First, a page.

Artificial Intelligence is here to stay but while its presence is widely accepted, its application in recruitment has many pitfalls. With the coronavirus economy and reinvigorated debate on inclusion and discrimination, it is important that AI helps us fix the bias, not exaggerate it.
While the coronavirus pandemic has paralysed many industries, some, including e-commerce and logistics have thrived, creating new jobs and throwing a lifeline to those facing unemployment. Hiring businesses need to act quickly, and to sift an inevitable high volume of applications, many will use AI-powered technology to speed up the process.
With its candidate auto-screening capability the technology can eliminate repetitive, time-consuming tasks such as the manual screening of applications. But it isn’t fool-proof, and with the reinvigorated debate in the US on inclusion and discrimination, companies need to ensure that AI is a friend to recruitment, and not a foe, for both recruiter and candidate.
The AI-powered recruitment is becoming popular. But its use is not always risk-free
According to the latest Artificial Intelligence in the Workplace research, 83% of white-collar workers believe that AI will help perform their tasks more efficiently in three years from now while staggering 96% expect this technology to add value to their jobs.
More specifically, the main merits of AI-powered recruitment are time savings and consistency: given the same input, by definition, AI will arrive at the same conclusion every time. But there are pitfalls, not least, the hidden biases that can be learned by AI algorithms as they filter candidates to locate the skills and qualities sought by the company. For example, past hiring patterns could mean the AI software favours graduates from certain universities, or of a certain gender. Amazon famously had to scrap its AI recruiting tool that showed bias against women.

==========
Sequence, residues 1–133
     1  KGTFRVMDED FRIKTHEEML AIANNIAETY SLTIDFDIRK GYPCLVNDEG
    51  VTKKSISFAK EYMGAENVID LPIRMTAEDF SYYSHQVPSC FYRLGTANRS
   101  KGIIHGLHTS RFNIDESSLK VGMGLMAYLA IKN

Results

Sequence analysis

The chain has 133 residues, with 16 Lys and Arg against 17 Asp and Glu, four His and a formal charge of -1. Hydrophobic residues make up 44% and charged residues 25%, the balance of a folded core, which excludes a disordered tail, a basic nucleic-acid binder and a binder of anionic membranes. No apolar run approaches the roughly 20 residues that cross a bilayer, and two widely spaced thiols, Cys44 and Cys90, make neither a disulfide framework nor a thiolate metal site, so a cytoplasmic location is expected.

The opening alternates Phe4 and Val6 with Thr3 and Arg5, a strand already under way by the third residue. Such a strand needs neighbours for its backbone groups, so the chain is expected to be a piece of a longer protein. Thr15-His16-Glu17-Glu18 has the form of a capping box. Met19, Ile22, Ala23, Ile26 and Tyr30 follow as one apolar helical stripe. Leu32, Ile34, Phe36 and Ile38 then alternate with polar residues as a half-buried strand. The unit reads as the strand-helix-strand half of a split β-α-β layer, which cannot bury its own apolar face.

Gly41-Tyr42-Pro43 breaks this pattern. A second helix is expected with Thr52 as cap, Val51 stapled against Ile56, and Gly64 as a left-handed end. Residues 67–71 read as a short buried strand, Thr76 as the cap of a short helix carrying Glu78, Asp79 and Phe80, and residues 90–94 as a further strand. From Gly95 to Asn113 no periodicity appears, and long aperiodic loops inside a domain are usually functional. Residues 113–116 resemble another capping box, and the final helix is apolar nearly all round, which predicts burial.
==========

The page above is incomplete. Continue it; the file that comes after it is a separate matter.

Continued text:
Some companies apply AI and analytics to the facial expressions, movements, and behaviors of candidates to identify the better quality hire, but research is showing that some of these analytics tools produce skewed results that are discriminatory based on ethnicity.
Brian Kropp, chief of HR research at Gartner, says: “Companies must take the utmost care working with these tools. Often, cases of bias are not immediately obvious, and you have to check for secondary ripple effects, for example, it could be putting BAME candidates into jobs with lower career prospects.”